I have a really interesting question that came to me from a pastor who says, “Dr. Moore, in our church I am very careful about baptizing people. I make clear in my preaching that God can save people at any age, but often it is harder to determine whether or not say, a five-year-old has been saved as opposed to someone else. And so we take baptism very seriously. We work very slowly in interviewing people. And one of the requirements we have at our church is that everyone who is being baptized will give a short verbal confession of faith in the baptistry as to his or her faith in Christ and salvation experience. But here’s my problem: We have a severely autistic teenager in our congregation who isn’t comfortable talking very much at all and is certainly not comfortable talking to people who are not his parents. He communicates mostly with his parents via iPad. And so how do we interview him for baptism? His parents say that he has come to Christ. How do we interview him for baptism, number one? And number two, do we exempt him from giving a verbal testimony in the baptistry?
That’s a really good question. I am glad that this was asked. One of the things that many of our churches are needing to think through right now is how do we as local congregations deal with the issue of disability? And frankly, if in your congregation you are not grappling in some way or other with the question of disability, then I think you should probably ask why? Are there people in our community that we are not reaching? Are there people in our church that we are not asking the right sorts of questions to minister to them? But most congregations are going to have to think this through.
Pastor, I think the way you ought to handle this is to treat it the way you would if you were dealing with a new believer who doesn’t have the capacity to speak or to hear. How would you handle that? The way that you would probably handle that is to find some other means to interview that person, maybe with a sign language interpreter or in some other way, and then accommodate that disability in that way. Somebody with severe autism along the lines that you are mentioning—from what you are describing here, it’s not as severe as it can be—but it is not that this is a person who doesn’t want to talk. Don’t treat this simply as somebody who says that they get nervous. This is a disability that this person has, a real challenge that this person is facing. And so because, for you, talking is an easy thing, don’t assume that if you push this person enough he is going to be able to talk. No. This is the situation that he finds himself in. and so enable him to live out a godly life in Christ as someone who has autism.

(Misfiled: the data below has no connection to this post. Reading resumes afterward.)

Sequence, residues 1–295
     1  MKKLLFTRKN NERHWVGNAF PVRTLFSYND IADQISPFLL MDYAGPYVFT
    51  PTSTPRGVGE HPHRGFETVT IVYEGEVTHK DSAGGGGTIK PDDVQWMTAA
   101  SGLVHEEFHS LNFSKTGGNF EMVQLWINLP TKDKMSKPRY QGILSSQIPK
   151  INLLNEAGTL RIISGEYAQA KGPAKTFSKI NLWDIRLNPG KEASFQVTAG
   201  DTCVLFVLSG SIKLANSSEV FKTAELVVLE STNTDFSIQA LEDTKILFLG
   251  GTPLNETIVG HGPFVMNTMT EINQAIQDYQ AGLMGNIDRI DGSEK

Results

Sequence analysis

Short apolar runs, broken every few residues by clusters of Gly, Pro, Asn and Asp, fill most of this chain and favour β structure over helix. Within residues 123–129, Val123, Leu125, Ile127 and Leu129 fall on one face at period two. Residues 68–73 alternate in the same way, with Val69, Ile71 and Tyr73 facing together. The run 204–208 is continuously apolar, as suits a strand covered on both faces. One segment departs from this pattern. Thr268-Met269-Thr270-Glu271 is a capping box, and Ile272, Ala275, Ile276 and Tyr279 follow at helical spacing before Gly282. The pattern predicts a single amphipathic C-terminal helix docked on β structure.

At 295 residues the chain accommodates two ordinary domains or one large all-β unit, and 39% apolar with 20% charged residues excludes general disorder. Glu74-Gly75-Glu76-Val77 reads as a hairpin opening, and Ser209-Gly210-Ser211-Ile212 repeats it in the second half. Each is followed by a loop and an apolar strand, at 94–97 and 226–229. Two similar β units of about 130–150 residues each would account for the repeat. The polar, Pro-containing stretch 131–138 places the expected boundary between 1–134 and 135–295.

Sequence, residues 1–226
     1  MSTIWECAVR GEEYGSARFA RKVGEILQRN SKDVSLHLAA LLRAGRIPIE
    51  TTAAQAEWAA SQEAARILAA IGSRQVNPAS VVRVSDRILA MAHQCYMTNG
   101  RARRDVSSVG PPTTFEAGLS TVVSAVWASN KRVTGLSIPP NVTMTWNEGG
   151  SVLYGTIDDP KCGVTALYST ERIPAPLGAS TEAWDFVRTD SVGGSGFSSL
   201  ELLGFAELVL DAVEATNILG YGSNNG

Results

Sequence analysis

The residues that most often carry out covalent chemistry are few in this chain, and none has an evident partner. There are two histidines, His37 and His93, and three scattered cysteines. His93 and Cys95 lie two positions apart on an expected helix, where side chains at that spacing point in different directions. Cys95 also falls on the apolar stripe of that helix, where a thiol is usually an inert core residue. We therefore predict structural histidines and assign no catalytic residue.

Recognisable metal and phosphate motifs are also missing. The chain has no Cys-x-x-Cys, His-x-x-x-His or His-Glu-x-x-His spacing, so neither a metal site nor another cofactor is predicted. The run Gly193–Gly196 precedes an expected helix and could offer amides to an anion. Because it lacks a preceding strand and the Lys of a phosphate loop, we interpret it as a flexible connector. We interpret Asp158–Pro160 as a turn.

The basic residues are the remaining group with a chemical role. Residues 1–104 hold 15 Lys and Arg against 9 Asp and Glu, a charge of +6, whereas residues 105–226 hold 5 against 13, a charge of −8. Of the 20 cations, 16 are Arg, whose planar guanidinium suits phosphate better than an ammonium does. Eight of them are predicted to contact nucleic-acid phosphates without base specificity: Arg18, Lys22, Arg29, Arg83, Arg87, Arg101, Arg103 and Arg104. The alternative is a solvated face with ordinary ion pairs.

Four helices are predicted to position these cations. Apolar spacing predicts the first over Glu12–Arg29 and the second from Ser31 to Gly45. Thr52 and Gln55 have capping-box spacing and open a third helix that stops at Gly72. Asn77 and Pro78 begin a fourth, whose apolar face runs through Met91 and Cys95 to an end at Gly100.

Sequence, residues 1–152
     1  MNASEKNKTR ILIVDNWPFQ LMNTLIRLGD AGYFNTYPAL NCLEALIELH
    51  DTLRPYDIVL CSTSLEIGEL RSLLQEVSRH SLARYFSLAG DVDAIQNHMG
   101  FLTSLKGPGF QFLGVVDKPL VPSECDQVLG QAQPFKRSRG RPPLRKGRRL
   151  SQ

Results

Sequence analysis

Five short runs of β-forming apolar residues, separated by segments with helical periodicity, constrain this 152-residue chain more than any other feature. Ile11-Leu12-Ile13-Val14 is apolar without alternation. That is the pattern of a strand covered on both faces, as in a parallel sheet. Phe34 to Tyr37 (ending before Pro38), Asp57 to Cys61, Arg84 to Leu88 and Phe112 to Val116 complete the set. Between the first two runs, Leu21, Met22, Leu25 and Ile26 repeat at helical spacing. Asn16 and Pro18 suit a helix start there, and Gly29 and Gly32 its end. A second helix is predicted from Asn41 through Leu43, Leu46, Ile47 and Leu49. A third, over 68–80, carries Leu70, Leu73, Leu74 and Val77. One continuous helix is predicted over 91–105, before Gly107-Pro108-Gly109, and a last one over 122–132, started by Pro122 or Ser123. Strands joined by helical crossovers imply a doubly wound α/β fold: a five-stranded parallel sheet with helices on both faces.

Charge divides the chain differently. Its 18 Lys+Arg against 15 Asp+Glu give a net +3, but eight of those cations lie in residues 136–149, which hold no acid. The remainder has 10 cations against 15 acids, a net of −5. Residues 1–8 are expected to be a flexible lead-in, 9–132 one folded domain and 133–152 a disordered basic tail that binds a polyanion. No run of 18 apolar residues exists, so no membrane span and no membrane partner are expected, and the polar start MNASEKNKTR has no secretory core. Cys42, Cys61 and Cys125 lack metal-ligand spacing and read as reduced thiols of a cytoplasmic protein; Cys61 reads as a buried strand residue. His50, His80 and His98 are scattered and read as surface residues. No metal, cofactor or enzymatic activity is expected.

I think the way you do that is to work through his parents. So if the way that they are communicating with him right now is via iPad, great! Use that medium, and tell the parents the sorts of things that you ordinarily would be looking for in someone who is coming to faith in Christ: What is his testimony? What is he trusting in? What is he hoping in? What is his heart conviction? That sometimes can be difficult to ascertain, but not impossible to ascertain because of communication.